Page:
Knitting Patterns and Copyright Laws may not go together like needles and yarn but they are far from the water and oil that some people believe as well. Many commercial knitting patterns are clearly marked with a copyright but do not specify any restrictions, limitations or even legal ramifications regarding what can or can not be done with the finished products created from these patterns. Thus is it that there needs to be some clarification between knitting patterns (or any arts and crafts patterns for that matter) and copyright law.
This information should be especially relevant to anyone who has ever considered producing and distributing their own knitting patterns. It is equally important as well because, if you are going to be buying patterns and then creating and selling knitted products. Copyright Laws are pretty much established and set in stone but unfortunately, there is no provision for exactly what must be included in the copyright provisions or copyright statement of any given item, Website, pattern or anything else for that matter.
It is up to the individual to include what should and should not be any and all restrictions and applications of the copyright. If you are using someone else's knitting patterns, you may already be aware of the frustrations caused when these limitations and applications are not properly applied or even written. Maybe you have even tried to contact the pattern creator to find out what you can and can not do with both the pattern and the knitted products you created. Maybe you just presumed or even assumed that you knew what they meant when they wrote nothing more than "Copyright 2009" (or whatever year it was) at the bottom of that pattern you love so much.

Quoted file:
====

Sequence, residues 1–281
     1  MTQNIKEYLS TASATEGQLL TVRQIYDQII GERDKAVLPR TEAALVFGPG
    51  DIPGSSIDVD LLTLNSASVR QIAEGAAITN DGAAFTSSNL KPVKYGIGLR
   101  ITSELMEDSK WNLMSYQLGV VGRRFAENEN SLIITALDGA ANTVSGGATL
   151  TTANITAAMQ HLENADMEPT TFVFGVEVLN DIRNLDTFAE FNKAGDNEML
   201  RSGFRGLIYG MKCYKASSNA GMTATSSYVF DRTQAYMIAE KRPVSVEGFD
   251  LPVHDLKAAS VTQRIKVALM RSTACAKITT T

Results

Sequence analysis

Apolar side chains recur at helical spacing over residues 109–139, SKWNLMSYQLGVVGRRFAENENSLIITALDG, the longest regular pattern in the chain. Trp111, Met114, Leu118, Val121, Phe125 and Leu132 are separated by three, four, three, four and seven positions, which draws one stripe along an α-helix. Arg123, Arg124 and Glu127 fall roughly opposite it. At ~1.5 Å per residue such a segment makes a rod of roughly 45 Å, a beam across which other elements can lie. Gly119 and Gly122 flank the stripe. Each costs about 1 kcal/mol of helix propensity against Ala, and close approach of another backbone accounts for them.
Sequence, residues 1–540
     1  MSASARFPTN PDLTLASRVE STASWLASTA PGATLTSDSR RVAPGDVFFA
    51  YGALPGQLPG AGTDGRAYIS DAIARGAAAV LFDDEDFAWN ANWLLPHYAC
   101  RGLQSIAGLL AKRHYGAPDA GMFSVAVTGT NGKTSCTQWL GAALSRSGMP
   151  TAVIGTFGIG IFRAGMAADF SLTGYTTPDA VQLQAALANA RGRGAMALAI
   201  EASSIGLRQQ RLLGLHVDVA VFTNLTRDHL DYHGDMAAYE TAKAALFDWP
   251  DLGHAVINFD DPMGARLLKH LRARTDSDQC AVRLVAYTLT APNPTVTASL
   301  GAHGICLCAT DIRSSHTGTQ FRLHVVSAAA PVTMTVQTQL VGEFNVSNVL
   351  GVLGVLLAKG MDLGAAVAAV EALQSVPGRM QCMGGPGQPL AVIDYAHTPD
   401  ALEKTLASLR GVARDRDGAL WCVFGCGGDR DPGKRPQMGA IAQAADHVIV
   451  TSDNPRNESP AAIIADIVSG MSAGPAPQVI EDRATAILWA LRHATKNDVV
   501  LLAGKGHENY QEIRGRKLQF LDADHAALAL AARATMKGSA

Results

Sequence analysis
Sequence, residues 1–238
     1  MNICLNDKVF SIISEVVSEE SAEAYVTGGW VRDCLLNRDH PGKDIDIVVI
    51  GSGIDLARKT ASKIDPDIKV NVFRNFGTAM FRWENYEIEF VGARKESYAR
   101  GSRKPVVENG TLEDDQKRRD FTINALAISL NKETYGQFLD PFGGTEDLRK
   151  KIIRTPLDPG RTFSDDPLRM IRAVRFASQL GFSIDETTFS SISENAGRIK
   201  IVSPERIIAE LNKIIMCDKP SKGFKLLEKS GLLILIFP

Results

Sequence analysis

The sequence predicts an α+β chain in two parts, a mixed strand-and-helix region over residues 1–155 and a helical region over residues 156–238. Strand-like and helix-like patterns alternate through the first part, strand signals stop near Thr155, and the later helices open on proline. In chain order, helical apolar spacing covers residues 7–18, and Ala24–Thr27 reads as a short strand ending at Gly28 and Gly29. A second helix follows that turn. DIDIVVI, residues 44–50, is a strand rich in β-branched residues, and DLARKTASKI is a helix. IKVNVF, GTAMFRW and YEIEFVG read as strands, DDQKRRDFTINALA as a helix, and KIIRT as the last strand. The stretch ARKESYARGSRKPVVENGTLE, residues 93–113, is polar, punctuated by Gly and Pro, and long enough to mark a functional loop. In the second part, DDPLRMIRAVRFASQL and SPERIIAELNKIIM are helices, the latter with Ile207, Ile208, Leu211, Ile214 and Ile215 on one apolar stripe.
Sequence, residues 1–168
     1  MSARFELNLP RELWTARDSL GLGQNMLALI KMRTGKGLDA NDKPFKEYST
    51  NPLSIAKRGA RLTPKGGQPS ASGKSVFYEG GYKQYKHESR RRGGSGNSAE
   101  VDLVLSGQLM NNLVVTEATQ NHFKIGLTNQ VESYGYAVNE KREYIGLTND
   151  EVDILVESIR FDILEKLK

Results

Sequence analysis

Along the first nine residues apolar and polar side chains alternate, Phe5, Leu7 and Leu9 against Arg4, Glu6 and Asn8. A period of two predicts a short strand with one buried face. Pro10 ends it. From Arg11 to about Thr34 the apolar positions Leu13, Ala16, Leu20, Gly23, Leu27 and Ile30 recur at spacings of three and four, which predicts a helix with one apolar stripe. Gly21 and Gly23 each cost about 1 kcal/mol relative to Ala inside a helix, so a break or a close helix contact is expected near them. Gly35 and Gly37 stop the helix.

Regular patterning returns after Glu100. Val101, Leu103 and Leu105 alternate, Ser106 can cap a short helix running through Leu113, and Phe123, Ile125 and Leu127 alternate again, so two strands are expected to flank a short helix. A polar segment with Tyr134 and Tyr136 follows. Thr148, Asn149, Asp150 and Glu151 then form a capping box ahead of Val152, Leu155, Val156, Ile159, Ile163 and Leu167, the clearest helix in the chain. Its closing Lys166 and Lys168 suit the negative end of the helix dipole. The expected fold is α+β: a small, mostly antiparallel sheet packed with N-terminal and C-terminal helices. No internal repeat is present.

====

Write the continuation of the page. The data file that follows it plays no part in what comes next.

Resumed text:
If you are creating knitting patterns for sale and distribution, please mark your patterns clearly not only with the copyright information but also with detailed information about what the end-user or person who purchases it can and can not do with the knitting pattern and the finished knitted products that they have created. While you may win any copyright battles in a (very expensive) copyright infringement lawsuit, you will not likely win many friends or a very supportive customer base by fulfilling everyone who uses your knitting patterns for anything more than personal use.
If you are purchasing knitting patterns from someone, look for the copyright information and see if it is well-written and inclusive and if it is not, make every reasonable effort to contact the knitting pattern creator and see what their intentions are. If they tell you in an email or even an instant messenger, record and save the conversation and that should cover you should any unforeseen circumstances occur. There are occasionally people who become successful who will sell a knitting Business and the new owner may presume to know about the copyright without knowing what rights have been granted and restricted.
Knitting Patterns and copyright is not going to be so important to you if you just sit at home knitting coasters for your dining room table but seriously, how many people are going to learn how to knit and then keep all of their artistic knitting creations to themselves ? Knitting is and should remain a very popular past time, a great hobby and an excellent opportunity for people to supplement income with knitting crafts. However, whether you are creating new knitting products or creating knitting patterns for fun and for profit, you need to have both aware of or explicate about any copyright information that you read or write regarding knitting work.